At Google’s I/O developer’s conference in May 2011 Google expanded their Chrome Web Store in the wake of the Chromebook’s launch, tying the announcement to the release of Angry Birds for the browser. The Chrome team also announced its Native Client SDK (or NaCl. Yeah, a chemistry joke. And you guys thought I was a nerd!) citing the classic PC game Quake right in its FAQ and promising cloud save features. There is little doubt that Google has its digitized li’l eyes on the multi-billion dollar video game industry.
For this feature, we’re dusting off our old friend of GUO’s OnLive testing, the second worst netbook known to consumers, the $150 Woot Special Eee PC 900. Heck, if OnLive can deliver a quality Metro 2033 experience on this “system”, then surely it’s good enough for some browser games, right? Come with us as we dive into the Chrome Web Store’s gaming section with six of the most popular games and see just what the misspelled version of 10100 has in mind for gamers. Is this Chrome quality or does it flake off at the first signs of use?
Specifications of Our Testing System
- Asus Eee PC 900 netbook
- Intel Celeron 900Mhz
- Intel GMA 900 GPU
- 1GB RAM
- 4GB SSD
- Windows XP
- Google Chrome 16.0.912.63 m
Let’s start with Angry Birds. Rovio’s bird based artillery game is estimated to be worth $1.2 billion and loved the world over for its charming character and simple yet challenging gameplay.
Sadly, there was no love for our decrepit little netbook. The game install only installed a shortcut to chrome.angrybirds.com which works fine in any HTML5 compatible browser. The game ran like a slideshow and completing a single level took, literally, over six minutes with the hard drive indicator blinking furiously most of the time. The game ran no better once it stopped. Upon quitting out to the main menu I noticed a SD/HD toggle located below the bottom of the screen, outside of the screen resolution of the netbook. Framerates would remain erratic throughout, but would finally provide acceptable results. Unless the ads were being drawn in.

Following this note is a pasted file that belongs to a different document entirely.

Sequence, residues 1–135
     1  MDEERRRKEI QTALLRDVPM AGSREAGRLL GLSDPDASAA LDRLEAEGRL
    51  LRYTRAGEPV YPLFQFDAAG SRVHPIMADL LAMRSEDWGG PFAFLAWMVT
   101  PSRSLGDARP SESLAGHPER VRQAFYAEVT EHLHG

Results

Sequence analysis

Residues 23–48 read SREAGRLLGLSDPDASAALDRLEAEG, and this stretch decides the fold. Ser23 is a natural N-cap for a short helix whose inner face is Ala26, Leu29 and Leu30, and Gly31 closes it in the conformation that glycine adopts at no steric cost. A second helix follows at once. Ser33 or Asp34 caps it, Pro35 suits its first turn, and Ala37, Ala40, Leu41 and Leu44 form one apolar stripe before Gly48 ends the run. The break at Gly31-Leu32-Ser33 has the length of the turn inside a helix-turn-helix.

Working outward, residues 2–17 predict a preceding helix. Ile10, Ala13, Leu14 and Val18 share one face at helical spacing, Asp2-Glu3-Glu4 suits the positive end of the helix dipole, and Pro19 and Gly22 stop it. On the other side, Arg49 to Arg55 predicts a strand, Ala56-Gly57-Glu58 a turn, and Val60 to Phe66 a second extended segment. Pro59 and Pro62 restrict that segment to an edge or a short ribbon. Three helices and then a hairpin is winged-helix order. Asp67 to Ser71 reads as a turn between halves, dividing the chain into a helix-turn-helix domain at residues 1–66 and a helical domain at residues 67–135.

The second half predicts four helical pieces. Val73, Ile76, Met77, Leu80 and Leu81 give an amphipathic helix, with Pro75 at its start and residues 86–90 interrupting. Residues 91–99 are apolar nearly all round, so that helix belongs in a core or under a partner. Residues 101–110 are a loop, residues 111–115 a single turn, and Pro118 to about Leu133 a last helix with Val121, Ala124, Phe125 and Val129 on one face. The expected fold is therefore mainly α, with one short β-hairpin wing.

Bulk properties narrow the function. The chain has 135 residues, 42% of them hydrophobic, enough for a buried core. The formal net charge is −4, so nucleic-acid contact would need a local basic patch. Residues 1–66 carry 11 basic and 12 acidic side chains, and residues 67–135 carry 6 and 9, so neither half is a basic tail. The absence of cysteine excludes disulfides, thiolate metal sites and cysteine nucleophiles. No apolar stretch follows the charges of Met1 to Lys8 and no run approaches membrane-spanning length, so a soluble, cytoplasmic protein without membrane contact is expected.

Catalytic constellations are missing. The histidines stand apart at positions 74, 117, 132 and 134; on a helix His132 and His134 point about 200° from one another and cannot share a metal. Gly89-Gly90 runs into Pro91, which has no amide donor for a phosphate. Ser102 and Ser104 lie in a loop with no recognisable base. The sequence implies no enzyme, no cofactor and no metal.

In spite of logging with with a Google account, progress was not saved between systems. Progress was stored for subsequent sessions on the same machine, but not between browsers.
Bastion made a splash with critics when it originally debuted earlier this year for the Xbox 360. Combining fast paced gameplay, RPG like advancement, and a personable narrator, this latest version promises to include cloud support for saved games and we can’t wait to-
Same ol’ PC gamer headache. The Eee PC’s graphics card isn’t good enough. Or you need to edit an options file. Or update a driver. Or sacrifice a black cat on the eve of a full moon using a #2 Philips head screwdriver. I check the suggested settings. Same error. Moving on.
The “App” for PopCap’s addictive match-3 puzzler Bejeweled is nothing of the sort. The install simply adds what amounts to a bookmark leading to the HTML5 version of Bejeweled, playable on any modern browser. Well, sort of playable. On the Eee, Bejeweled stutters and chugs its way through the game while the music cuts in and out in the background. Thoughtlessly trading fancy for fun, this game I spent hours playing using a freaking Palm Pilot refuses to run smoothly on a 900Mhz Pentium computer. At least it is playable.